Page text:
So what's President Obama's grand plan to get the country on its feet again? Be optimistic. The NYT suggests that the president and his aides have been trying harder than usual this week to look for the silver lining amid discouraging economic news.
Inside the A section, Gen. David Petraeus affirms that Pakistan has become the "global base" for Al-Qaida's efforts "to plan new terror attacks and funnel money, manpower and guidance to affiliates around the world," according to the WSJ, replacing Afghanistan. At the same time, the Pakistani government is stepping up its fight against Taliban insurgents in the northwestern part of the country, near the Afghan border. This week's NYT Saturday Profile is on Pakistan's ambassador to the U.S., Husain Haqqani, whose "high-minded analysis and street corner gossip" provide fodder to American journalists covering these developments.
In Somalia, meanwhile, local efforts to deter piracy are growing. Islamic communities where pirates once found financial and even governmental support have begun to form "grass-roots, anti-pirate militias," according to the NYT. While local leaders are hesitant to go after the top players among the region's pirates, they have at least begun speaking out against them. Some of the pirates, quick to name their price, say they'll change their ways if certain conditions are met, including employing them to police Somalia's waters as a kind of coast guard.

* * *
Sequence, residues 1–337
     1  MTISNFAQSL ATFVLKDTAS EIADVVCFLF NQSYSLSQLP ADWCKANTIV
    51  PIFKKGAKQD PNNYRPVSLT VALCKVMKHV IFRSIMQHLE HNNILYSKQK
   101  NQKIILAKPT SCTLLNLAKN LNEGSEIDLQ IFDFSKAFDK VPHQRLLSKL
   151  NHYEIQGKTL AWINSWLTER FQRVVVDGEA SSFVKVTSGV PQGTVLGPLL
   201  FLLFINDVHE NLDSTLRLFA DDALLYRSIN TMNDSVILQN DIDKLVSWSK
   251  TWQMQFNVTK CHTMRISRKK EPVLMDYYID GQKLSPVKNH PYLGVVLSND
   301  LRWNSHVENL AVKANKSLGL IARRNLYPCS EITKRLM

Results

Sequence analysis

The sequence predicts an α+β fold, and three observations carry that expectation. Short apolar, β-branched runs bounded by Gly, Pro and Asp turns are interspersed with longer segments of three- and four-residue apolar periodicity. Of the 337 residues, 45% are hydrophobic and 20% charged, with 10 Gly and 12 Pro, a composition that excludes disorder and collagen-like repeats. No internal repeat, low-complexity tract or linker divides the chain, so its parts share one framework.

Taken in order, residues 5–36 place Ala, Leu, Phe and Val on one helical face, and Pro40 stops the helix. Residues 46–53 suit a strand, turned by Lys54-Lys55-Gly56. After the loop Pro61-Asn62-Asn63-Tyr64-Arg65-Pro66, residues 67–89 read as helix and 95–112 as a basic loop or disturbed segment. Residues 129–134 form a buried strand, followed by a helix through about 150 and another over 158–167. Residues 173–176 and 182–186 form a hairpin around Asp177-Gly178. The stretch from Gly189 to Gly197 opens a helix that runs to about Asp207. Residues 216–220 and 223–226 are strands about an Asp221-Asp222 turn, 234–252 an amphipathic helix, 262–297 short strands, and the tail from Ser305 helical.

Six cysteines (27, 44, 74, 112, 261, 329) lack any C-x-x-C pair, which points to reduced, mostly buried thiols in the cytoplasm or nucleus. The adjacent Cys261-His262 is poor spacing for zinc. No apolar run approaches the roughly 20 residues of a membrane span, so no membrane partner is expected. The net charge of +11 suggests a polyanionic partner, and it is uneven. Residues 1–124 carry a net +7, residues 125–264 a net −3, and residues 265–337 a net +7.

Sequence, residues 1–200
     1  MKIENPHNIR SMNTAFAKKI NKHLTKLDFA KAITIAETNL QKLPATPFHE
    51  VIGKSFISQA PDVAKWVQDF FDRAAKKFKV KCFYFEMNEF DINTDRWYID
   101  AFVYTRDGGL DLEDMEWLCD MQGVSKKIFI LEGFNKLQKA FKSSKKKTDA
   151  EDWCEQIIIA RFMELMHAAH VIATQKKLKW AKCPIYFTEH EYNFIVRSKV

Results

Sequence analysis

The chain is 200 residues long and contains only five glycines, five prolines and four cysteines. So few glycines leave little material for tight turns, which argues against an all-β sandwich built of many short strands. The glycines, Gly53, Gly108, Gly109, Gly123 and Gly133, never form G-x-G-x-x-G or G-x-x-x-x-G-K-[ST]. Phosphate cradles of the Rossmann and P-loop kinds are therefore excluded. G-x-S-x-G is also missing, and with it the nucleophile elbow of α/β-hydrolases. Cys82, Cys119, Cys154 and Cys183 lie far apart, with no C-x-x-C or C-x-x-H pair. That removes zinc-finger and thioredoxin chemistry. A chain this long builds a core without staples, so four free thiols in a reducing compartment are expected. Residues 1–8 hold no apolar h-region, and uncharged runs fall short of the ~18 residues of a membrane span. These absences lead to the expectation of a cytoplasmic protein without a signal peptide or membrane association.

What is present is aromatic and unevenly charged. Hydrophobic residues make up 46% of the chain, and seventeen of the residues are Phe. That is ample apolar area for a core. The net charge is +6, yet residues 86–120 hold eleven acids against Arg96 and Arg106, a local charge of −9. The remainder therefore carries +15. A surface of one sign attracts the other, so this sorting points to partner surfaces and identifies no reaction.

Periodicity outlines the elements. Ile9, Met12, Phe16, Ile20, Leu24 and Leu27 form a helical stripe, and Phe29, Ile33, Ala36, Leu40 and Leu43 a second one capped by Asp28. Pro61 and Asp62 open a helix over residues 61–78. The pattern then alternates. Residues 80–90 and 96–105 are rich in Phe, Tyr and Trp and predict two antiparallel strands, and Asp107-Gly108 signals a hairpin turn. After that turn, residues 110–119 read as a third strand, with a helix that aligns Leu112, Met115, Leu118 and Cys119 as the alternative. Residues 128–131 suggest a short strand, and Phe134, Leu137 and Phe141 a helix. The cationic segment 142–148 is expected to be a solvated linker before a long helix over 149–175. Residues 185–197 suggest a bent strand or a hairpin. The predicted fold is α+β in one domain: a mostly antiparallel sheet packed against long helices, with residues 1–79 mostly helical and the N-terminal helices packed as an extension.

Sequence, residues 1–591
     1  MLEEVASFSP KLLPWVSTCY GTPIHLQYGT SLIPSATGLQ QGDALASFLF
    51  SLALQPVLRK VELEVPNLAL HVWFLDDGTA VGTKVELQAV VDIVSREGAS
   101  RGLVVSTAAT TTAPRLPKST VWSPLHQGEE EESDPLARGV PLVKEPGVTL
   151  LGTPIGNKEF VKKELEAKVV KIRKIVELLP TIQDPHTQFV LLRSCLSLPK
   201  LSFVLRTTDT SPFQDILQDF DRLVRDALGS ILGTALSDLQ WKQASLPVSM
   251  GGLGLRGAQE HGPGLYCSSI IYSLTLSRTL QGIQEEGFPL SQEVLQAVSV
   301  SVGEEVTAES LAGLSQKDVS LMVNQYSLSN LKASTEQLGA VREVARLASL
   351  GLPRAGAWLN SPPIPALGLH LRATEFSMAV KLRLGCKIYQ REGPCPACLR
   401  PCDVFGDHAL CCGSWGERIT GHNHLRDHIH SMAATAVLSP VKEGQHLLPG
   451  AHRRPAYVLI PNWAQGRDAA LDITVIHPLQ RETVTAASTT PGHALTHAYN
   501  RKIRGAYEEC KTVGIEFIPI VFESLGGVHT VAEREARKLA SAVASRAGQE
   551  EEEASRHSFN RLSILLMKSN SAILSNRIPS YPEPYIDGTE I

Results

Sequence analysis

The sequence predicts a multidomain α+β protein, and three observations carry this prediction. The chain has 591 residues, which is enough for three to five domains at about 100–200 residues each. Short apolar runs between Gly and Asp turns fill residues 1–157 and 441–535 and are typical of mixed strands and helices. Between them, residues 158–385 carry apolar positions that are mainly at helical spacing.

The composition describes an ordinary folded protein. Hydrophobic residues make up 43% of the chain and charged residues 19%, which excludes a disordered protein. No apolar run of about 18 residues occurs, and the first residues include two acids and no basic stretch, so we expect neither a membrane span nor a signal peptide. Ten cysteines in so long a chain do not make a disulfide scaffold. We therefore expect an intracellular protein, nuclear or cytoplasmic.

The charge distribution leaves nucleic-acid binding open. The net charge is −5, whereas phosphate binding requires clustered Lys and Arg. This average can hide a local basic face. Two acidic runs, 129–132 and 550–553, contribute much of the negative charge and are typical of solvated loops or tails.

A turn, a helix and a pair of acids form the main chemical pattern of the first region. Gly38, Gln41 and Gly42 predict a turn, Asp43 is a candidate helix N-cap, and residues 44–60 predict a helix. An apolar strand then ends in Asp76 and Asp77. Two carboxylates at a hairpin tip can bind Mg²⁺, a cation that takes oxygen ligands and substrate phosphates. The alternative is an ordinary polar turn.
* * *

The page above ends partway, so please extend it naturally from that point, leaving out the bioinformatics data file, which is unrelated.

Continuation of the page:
The WP fronts news that the Obama administration is still planning to revive military commissions at Guantanamo Bay, as was suggested last week, after the president's 120-day moratorium set in January expires. Meanwhile, another front-page story asserts that Speaker of the House Nancy Pelosi knew about the Bush administration's use of water-boarding in 2003 from one of her aides, who was privy to that information. Pelosi has said that she was never "directly briefed" by Bush administration officials on the practice. The WSJ goes one step further and says Pelosi and the chairman of the House Permanent Select Committee on Intelligence were jointly briefed on the use of torture by the CIA in 2002.
The NYT fronts the latest details on the murder of a 21-year-old Wesleyan University student earlier this week, revealing that the suspect in her murder, Stephen P. Morgan, who was arraigned yesterday, had had a privileged upbringing in an affluent Massachusetts suburb, graduated from prep school, and completed a stint in the Navy.
In California, more than 30,000 people, one-third of Santa Barbara's population, have been evacuated due to the fire still raging there, seeking shelter in schools, hotels, and with friends, some already at their second refuge after being evacuated from the first.
And in South Africa, the election of President Jacob Zuma has raised an unusual dilemma: Which of the president's three wives will be the First Lady? There still has been no decision about how to handle the complication of electing the country's first polygamist president. Who will be his date to today's inaugural balls? And will the state have to provide medical care and security for the entire family, 19 children included? Local pundits wait for the drama to unfold.